Built for Growth

Built for Growth

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This guidebook from Starbucks entrepreneur Arthur Rubinfeld, one of the world’s most successful retailers, provides an excellent introduction to conceptualizing, realizing, expanding and reinventing retail brands. Rubinfeld and co-author Collins Hemingway organize the book clearly around four basic principles: Think big; be oriented toward growth; find the right location, and plan for the future. They explain each principle step by step in terms that are understandable to the general management reader. They illustrate their assertions with examples from Rubinfeld’s experience and from the experiences of such prominent retailers as Wal-Mart’s Sam Walton and McDonald’s Ray Kroc. If you consider launching a new retail enterprise, getAbstract would advise reading this book first.


“The Hardest Easy Business”

Everybody wants to own a shop, but retail is a particularly tough business – entry is easy, but success is difficult. Low cash flow is the most common cause of failure, but an inadequate understanding of the many variables of branding, operations, expansion and other issues underlies this problem. Retail has gotten increasingly complex, with grand old names such as K-mart and Sears struggling to survive the competitive onslaught from e-commerce, big boxes, Wal-Mart and other attackers. To succeed, a retail entrepreneur first must have an idea, then create a concept and execute it. This framework, called “ideacreatexecute,” can help you address all your retail company’s angles and dimensions, from concept, design and planning through execution, expansion and innovation. Base this effort on four foundational ideas:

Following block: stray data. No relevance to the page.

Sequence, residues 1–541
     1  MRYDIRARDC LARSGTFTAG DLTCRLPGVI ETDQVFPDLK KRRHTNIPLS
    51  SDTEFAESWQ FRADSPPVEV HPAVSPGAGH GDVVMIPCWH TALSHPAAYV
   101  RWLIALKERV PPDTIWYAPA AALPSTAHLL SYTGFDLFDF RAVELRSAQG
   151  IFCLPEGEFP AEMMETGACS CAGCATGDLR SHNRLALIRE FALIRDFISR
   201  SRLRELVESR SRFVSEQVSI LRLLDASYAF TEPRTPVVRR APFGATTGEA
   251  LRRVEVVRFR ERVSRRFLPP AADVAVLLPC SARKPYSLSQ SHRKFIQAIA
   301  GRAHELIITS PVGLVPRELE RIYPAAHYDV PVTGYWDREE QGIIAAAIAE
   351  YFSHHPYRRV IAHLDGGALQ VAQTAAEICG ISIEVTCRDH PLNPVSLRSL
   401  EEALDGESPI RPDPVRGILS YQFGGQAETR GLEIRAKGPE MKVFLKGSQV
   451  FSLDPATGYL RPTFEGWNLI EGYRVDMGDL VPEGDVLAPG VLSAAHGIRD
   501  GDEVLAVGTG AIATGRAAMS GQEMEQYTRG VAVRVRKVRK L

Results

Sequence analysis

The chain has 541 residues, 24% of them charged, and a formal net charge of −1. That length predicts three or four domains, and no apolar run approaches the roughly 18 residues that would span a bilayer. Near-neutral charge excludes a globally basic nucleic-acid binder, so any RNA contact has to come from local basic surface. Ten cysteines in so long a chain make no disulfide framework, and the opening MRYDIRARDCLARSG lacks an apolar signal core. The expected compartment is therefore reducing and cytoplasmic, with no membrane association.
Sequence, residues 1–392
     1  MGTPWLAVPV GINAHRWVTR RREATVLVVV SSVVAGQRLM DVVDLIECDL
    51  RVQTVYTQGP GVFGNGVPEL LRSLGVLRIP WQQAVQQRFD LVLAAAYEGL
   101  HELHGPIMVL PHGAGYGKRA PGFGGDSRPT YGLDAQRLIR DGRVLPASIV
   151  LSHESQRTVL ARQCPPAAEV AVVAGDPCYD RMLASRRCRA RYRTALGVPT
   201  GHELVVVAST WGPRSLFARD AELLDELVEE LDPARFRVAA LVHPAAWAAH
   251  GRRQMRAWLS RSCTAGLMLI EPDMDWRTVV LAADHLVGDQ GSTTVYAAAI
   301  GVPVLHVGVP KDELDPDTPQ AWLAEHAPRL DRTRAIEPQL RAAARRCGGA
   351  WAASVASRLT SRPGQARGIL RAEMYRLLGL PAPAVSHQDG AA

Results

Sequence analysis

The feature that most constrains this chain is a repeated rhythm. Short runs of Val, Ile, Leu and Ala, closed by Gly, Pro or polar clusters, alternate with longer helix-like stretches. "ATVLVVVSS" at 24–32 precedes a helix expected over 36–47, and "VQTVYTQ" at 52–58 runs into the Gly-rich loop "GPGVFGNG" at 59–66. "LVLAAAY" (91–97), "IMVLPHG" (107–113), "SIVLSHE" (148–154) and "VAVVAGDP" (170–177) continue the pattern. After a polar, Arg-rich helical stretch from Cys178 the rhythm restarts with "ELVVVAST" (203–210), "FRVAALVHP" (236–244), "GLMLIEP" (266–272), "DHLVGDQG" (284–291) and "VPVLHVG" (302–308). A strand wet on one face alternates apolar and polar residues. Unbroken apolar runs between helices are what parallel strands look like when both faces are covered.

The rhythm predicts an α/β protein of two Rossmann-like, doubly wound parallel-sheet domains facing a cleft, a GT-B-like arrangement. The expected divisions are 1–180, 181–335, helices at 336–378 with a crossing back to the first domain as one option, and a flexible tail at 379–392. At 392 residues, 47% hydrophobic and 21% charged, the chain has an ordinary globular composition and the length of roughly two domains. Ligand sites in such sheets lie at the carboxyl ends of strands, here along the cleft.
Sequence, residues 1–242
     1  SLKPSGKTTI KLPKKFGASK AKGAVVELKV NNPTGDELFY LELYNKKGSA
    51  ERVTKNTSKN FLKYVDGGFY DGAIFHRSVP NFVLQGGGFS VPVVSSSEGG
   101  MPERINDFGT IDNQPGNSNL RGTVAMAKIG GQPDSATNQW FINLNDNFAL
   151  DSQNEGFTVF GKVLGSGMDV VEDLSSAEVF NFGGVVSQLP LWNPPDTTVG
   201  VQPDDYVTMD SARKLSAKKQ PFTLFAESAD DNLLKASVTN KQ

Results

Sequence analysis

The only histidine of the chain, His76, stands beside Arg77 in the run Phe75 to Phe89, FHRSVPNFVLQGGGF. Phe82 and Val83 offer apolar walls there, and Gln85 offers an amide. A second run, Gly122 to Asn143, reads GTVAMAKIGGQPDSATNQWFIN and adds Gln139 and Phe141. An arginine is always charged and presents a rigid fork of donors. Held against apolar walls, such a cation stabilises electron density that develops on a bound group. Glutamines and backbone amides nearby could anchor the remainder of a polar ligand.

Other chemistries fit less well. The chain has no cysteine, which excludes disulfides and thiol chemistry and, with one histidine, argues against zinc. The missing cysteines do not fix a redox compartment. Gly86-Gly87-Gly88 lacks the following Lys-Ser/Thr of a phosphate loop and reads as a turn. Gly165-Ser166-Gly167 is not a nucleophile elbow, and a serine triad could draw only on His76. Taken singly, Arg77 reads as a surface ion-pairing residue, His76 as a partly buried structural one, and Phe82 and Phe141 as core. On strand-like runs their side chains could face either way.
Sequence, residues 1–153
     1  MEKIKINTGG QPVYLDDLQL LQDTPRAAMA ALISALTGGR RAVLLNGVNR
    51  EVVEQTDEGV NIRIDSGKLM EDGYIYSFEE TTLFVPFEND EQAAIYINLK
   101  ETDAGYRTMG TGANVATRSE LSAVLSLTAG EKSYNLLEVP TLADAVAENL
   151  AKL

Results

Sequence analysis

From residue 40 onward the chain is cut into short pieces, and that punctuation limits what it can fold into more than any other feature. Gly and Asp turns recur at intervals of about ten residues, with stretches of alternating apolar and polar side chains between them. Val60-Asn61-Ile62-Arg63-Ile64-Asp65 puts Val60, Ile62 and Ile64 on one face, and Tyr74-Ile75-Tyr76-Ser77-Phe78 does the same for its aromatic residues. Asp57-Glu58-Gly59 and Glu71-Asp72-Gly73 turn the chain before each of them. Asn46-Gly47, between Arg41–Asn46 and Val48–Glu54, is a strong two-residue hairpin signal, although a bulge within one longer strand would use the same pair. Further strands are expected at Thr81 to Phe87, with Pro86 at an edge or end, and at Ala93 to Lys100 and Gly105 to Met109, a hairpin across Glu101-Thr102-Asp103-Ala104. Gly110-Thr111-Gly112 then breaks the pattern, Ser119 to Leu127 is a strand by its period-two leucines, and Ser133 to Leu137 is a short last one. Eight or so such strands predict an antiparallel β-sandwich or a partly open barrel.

First Foundation: “Make No Little Plans”

Think big! Big thinkers are hopeful, optimistic, future-oriented and imaginative. They generate new concepts born of the values that give a company its reason for being. When retail brands fall apart, the reason is always either an absence of values or lack of a commitment to putting...

About the Authors

Arthur Rubinfeld was the executive vice president who built Starbucks from 100 outlets to more than 4000 stores, innovating with co-tenancy and co-branding relationships. Collins Hemingway, co-author with Bill Gates on Business@The Speed of Thought, was a director of business development and international marketing at Microsoft.

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